I'm on a four-day reprieve from a very long book tour for my new novel, The Zero, and I've fielded a few questions about why I ventured away from my earlier literary crime novels to write a dark satire about America's reaction to 9/11. So I thought I'd start my blogging week there.
The first half of the answer is that I was at Ground Zero in New York five days after the terrorist attacks and since that time, I've wanted some way to register my outrage over the way fear has become politicized in this country, the way patriotism and capitalism have been conflated, and the way we lurched toward a misguided war in Iraq.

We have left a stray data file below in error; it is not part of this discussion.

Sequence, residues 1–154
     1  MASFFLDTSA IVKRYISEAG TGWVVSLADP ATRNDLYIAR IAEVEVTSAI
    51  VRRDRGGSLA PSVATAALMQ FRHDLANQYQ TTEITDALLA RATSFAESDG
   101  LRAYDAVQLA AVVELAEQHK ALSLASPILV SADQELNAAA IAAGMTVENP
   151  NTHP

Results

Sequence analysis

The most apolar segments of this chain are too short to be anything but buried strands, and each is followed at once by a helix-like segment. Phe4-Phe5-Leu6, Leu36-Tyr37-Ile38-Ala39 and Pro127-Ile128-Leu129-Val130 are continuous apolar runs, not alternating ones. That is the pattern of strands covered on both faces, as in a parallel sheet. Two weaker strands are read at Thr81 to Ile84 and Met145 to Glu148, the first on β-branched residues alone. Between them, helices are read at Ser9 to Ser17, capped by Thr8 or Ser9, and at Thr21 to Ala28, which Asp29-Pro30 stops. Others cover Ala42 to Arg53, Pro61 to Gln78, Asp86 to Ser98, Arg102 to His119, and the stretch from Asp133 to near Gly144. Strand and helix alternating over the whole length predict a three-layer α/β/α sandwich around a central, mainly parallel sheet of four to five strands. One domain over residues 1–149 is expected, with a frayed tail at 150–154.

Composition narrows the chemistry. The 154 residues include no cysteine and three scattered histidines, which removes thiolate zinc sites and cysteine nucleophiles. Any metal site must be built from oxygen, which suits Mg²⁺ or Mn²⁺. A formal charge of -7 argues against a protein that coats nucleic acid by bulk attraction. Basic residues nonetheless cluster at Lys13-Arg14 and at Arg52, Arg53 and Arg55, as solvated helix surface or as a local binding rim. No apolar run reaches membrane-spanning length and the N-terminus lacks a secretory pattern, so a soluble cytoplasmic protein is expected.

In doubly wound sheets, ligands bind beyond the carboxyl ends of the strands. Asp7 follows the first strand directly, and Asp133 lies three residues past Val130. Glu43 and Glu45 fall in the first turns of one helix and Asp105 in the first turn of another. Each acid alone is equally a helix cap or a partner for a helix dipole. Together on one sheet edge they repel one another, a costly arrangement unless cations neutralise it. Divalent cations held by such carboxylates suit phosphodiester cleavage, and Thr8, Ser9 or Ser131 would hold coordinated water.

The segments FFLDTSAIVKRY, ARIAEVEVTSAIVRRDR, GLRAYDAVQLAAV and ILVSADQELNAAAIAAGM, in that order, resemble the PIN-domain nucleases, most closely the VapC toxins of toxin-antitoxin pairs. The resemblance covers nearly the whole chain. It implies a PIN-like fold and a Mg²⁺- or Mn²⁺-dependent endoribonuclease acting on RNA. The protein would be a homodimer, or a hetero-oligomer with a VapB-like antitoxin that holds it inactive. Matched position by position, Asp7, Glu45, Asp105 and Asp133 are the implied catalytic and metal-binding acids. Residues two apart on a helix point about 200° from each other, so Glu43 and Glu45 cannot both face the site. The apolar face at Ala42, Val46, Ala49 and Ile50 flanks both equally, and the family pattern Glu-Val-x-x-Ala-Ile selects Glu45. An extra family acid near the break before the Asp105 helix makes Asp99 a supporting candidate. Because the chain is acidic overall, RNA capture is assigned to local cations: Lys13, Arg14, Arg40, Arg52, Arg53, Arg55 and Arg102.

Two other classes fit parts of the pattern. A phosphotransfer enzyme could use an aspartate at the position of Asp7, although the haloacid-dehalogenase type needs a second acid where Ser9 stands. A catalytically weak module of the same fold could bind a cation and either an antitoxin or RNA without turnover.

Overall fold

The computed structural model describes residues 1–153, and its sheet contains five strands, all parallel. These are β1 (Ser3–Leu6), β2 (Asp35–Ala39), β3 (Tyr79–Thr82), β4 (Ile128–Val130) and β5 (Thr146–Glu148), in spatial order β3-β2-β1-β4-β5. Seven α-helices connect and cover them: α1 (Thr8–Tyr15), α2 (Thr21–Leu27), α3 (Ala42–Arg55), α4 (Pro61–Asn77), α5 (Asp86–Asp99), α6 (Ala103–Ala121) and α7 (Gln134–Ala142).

But that's only half the story. The other half has to do with Kurt Vonnegut.
When I was young, I idolized Vonnegut. I'd first found his books when I was in my junior high school library, checking to see where my own novels would someday be filed, which was right after Vonnegut, at least in my library. So I grabbed his book, Breakfast of Champions, and was hooked. I read everything he wrote. ...